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Floptical

Inexpensive high-density 'Floptical' drive, Floppy+CDROM hybrid
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Why have floppy's (3.5") hanged around for 20 years?

Three Reasons: -Cheap! (both drives and media) -Common (everyone has them) -Standard (most everything from a old 286 PC to a modern Mac G5 can read em)

Why would I want to replace the Floppy?

-Poor storage! (1.44MB/ 2.88 MB, ain't NOTHING gonna fit on one of these anymore) -Slow! (really slow, like 16KB/s slow) -Unreliable (lets see 1/20 diskettes go bad in a year for me... hmmm, 20 years later I have a great coaster collection!)

Ok what do I replace it with?

Solid-State Flash chips in a USB -Key/Drive/Card/Cartidge? =Gotta have a Reader/USB port, AND they are still costly, AND have a limited number of re-writes, and not very economic.

CD-R's/CD-RW/DVD-RAM/DVD-RW's ? STILL have to have a CD-ROM or DVD-ROM AND burning software, AND a ATA/SCSI/SATA interface, and the bios must recognise it to boot from... scratches too easily and not very 'portable'.

Magneto-Optical (ZIP/LS-120/Whatever): What? No way! These are _Rare_ now and the media? Forget it! WAY too expensive and the capacity is only 'just enough anyways' 512MB/ 1 GB.

So why not combine the advantages of one technology with annother! Make a Hybrid out of both CD-ROM and Floppy Disc technology!

I call it the 'Floptical' Drive.

A brief specification: -protective hard plastic casing -non-rigid optical baised media (baised upon 'Flex-CDROMS' using a modified CD-RW format with DVD-RAM style hard track's for quick access and fully hardware baised read/write. -write protect tab -similar size to 3.5" media -large capacity (200MB) -IDE ATA OR Floppy style connection (40-pin?) -Hardware emulation of 'Floppy-like' drive (at least for reading and writing) -Bootable from BIOS with no modifications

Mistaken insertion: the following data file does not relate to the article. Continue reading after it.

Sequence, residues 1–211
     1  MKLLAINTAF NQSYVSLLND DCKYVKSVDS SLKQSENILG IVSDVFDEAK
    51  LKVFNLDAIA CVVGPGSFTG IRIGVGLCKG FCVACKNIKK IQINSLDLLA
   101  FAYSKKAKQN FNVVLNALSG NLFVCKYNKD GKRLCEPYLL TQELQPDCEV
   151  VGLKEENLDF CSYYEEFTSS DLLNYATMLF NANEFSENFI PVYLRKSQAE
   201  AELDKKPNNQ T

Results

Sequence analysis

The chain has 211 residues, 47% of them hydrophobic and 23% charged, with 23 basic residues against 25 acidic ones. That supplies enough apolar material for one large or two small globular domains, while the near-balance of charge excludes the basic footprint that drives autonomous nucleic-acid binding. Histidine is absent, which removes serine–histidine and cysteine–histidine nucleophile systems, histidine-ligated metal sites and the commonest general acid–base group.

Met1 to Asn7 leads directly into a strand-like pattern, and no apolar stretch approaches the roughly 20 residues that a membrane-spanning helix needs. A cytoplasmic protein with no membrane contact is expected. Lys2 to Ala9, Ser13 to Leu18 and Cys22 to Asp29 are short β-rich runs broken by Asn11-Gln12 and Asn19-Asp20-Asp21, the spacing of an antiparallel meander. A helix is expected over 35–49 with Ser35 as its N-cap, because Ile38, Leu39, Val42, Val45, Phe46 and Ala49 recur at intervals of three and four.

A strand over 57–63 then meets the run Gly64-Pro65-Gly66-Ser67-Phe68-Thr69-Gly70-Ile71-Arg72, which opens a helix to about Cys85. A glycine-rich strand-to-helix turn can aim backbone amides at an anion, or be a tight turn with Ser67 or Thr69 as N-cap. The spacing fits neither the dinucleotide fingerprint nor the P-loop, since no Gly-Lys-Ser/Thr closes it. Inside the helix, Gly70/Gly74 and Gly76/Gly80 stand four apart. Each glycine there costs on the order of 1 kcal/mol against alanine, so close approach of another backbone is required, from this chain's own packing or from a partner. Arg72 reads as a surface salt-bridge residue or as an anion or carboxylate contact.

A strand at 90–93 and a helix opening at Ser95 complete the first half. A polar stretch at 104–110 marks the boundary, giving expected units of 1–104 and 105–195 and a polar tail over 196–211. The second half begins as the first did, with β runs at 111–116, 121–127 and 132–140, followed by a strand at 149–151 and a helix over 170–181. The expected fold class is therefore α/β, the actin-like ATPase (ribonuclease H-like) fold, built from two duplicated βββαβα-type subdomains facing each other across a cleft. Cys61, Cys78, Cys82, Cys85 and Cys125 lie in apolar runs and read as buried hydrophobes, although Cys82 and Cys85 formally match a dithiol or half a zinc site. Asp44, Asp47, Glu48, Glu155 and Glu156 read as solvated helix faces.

Basically its a CD-RW cut down to a 3" media in a plastic case with hardware totaly controlling the 'burn' process. It would be packet baised like UDF so any size of file(s) could be written without much overhead. The media would be cheap as its just a mini-cd without the rigid backing. Spinning would keep it rigid with centrifical force.

Advantages: Cheapish media. Small like floppy Compatible good starage capacity

Disadvantages: Drive may be expensive at first possibly slow read/write speeds (compared for 52X CD-ROMS...)

Flex-CDROMS: See 'Spineless optical plastic' AKA ThinDISC http://forbes.com/futuretech/2000/12/01/1201thindisc.html

Melchior, Jun 09 2004

(?) Scotch tape writer http://www.tesa-scr...systemsolutions.htm
[kbecker, Oct 17 2004]

[link]






       The word "floptical" is already used to describe media that uses a combination of magnetic and optical techniques to achieve greater storage density.
krelnik, Jun 09 2004
  

       Darn all the good names are taken, these days.   

       Oh then what else should it be called FloppyROM? FlexiDisc? Warp-O-Disc? BenDisk? YOU think of a better name!
Melchior, Jun 09 2004
  

       That is kind of baked (link), even thought the company that develops it offers it only for security purposes. Scotch tape (Tesafilm) could serve as data carrier. It is dirt cheap. I envision it as something that you can stick along the edge of a printed document so you can easily read the document back into a computer if you want an electronic copy.
kbecker, Jun 09 2004
  

       Melchior you start off by saying wants to work in old computers then propose a new hard ware, Shirley the solution is to package the whole thing within a standard floppy disk case, or a much dodgier system use a floppy disc drive adaptor similar to the tape adaptors you can get for car stereos.
engineer1, Jun 10 2004
  
      
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